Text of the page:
U.S. Department of Justice Charges Russian Agents Linked to American Extremist Organizations
After a lengthy investigation, U.S. citizens were arrested alongside Russian operatives.
Attorney General Merrick Garland delivers remarks to Department of Justice employees.
Official charges have been filed, the Justice Department announced on April 18. The citizens and Russian intelligence operatives were indicted by a grand jury in Tampa, Florida, the Justice Department stated.
Cases and Arrests
United States vs. Ionov, et.al. was returned to the Middle District court in Florida. The indictment returned to the court to explore a years-long case exposing the collusion of a Russian state-linked radical political movement with politically extreme reforming groups based in Florida but with a spread of influence into Missouri, Georgia, and California.
The groups affiliated with the Russian collusion plot have nationwide presence as well as presence in Africa.
The Russian disinformation campaign had the intention to influence U.S. elections. Of the states where the operation had a presence, Florida and Georgia are key swing states in U.S. presidential elections.
The conspirators were confirmed by the Justice Department. The primary conspirator was described as follows:
Aleksandr Viktorovich Ionov, a resident of Moscow, is the founder and president of the Anti-Globalization Movement of Russia (AGMR), which is a movement based in Moscow that the Justice Department described as intended to carry out "Russia's malign influence campaign."
The others were detailed by the Justice Department as follows:
Omali Yeshitela, a U.S. citizen residing in St. Petersburg, Florida, and St. Louis, Missouri, who served as the chairman and founder of the APSP;
Penny Joanne Hess, a U.S. citizen residing in St. Petersburg, Florida, and St. Louis, Missouri, who served as the leader of a component of the APSP;
Jesse Nevel, a U.S. citizen residing in St. Petersburg, Florida, and St. Louis, Missouri, who served as a member of a component of the APSP; and
Augustus C. Romain Jr., aka Gazi Kodzo, was a U.S. citizen residing in St. Petersburg, Florida, and Atlanta, who served as a leader of the APSP and a founder of Black Hammer in Georgia.
Another criminal complaint was unsealed in a court in the District of Columbia on Tuesday. It was detailed as follows:
United States vs. Burlinova
The United States also indicted the following suspect:
Natalia Burlinova, a Russian national, is charged with conspiring with a Russian Federal Security Service, abbreviated FSB, officer to act as an "illegal agent of Russia" in the United States.
What's At Stake
The U.S. citizens and Russian operatives sought to sow "discord," "spread Russian propaganda," and "interfere with elections in the United States.
From Overt Operator's preliminary analysis, the stakes included a Russian government-linked attempt to solicit and exploit radicalized groups across the spectrum of far-left socialist and alt-right political factions.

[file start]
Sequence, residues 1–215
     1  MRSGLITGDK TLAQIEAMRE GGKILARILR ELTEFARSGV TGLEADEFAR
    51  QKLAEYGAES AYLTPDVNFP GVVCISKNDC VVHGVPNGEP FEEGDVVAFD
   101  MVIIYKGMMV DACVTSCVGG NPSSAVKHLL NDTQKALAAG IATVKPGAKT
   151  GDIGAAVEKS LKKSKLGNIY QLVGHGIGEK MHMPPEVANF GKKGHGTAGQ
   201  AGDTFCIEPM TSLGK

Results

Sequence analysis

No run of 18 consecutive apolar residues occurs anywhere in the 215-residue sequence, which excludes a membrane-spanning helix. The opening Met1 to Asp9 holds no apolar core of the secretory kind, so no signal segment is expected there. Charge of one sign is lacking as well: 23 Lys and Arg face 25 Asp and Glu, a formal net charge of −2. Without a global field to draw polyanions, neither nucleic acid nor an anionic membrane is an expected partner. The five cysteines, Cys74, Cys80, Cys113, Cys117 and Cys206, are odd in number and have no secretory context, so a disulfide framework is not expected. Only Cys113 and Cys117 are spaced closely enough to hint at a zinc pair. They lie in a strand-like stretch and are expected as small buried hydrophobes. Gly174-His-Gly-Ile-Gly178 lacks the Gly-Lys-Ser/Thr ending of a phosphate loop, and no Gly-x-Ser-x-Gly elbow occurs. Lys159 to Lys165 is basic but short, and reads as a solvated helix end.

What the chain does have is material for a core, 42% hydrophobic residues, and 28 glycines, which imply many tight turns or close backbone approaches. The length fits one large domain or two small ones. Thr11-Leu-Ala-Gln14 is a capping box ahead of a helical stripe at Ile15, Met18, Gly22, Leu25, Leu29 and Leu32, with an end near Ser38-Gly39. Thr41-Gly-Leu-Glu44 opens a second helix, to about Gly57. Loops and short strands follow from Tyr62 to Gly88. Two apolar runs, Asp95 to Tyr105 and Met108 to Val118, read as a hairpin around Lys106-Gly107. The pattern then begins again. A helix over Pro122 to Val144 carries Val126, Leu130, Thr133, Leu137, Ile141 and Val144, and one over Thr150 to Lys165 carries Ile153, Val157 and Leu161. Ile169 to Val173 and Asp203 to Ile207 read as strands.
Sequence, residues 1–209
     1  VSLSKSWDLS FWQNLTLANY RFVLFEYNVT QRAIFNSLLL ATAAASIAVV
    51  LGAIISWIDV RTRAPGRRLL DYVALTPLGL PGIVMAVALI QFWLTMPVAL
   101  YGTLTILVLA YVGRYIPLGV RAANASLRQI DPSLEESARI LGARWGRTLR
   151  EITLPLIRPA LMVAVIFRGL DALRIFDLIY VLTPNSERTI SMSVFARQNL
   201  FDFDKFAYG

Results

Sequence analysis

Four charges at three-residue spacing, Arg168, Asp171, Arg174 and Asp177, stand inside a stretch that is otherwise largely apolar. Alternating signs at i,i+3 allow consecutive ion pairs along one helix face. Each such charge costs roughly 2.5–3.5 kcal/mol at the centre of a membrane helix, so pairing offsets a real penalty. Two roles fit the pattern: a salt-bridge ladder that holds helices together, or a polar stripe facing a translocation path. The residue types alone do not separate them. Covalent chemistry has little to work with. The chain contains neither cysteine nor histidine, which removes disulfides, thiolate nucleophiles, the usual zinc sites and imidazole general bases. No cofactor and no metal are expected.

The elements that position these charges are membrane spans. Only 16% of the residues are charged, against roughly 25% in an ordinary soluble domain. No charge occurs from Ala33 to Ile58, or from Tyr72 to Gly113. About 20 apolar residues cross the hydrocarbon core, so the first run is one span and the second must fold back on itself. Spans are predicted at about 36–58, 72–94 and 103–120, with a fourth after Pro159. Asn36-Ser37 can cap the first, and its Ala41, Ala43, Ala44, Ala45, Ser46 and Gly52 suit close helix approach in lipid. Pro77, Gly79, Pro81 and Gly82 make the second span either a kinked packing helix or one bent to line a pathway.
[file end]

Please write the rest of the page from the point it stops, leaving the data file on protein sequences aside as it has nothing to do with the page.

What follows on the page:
Among the solicited groups there was the African People's Socialist Party and the Black Hammer Party of Georgia, which was founded by members of the APSP, and swung from far-left to far-right politics in recent years, the Center on Extremism data showed.
The Russian government-linked collusion effort had an overall disinformation agenda. One of the primary plots of this group was the cycle of the U.S. Presidential elections:
"Ionov and Popov allegedly intended that this election interference plot would extend beyond the 2019 local election cycle in St. Petersburg, and subsequently discussed that the "USA Presidential election" was the FSB's 'main topic of the year.'," the Justice Department wrote, in a press release published on April 18.
The Justice Department, as quoted from its press relations office, explained that the group had solicited members for these political groups,
African People's Socialist Party and the Uhuru Movement (collectively, the APSP) in Florida,
Black Hammer in Georgia
a political group in California (referred to in the superseding indictment as U.S. Political Group 3
Local Florida Fox 13 News reported that the members of the African People's Socialist Party and the Uhuru Movement socialist political movements who were arrested in association with the Russian government conspiracy were located in St.Petersburg, Florida.
The Uhuru Movement's campus in St. Petersburg, Florida was reportedly raided in 2022 by the FBI, as part of the continued investigation into the conspiracy the group had with the Russian government. The Uhuru movement strongly condemned the raid of their property, claiming they were not "puppets" of the Russian government.
The African People's Socialist Party and the Uhuru Movement describe themselves as a worldwide organization that seeks to unify "all Black people all over the world as part of one African nation."
The Black Hammer party is a political group seeking to claim the land back for "all colonized people" in the world, its news website explains. In April, the Black Hammer party's website rallied for the release from Fayette County jail of "Gazi Kodzo", which is the alias of Augustus C. Romain Jr., one of the Russian government conspirators.
The group identified Kodzo with right-wing American leaders and claimed that Kodzo was fighting colonization against the "Liberal FBI" that arrested him.
The Anti-Defamation League explained that, while Kodzo had begun as the leader of anti-Colonist heavy left-leaning movement, he began to push an alt-right narrative in 2021, after failing to acquire independent land for the movement in Colorado.
Kodzo has reportedly promoted the activity of the Proud Boys, an far-right movement associated with the events of the Capitol Riot on January 6, 2021.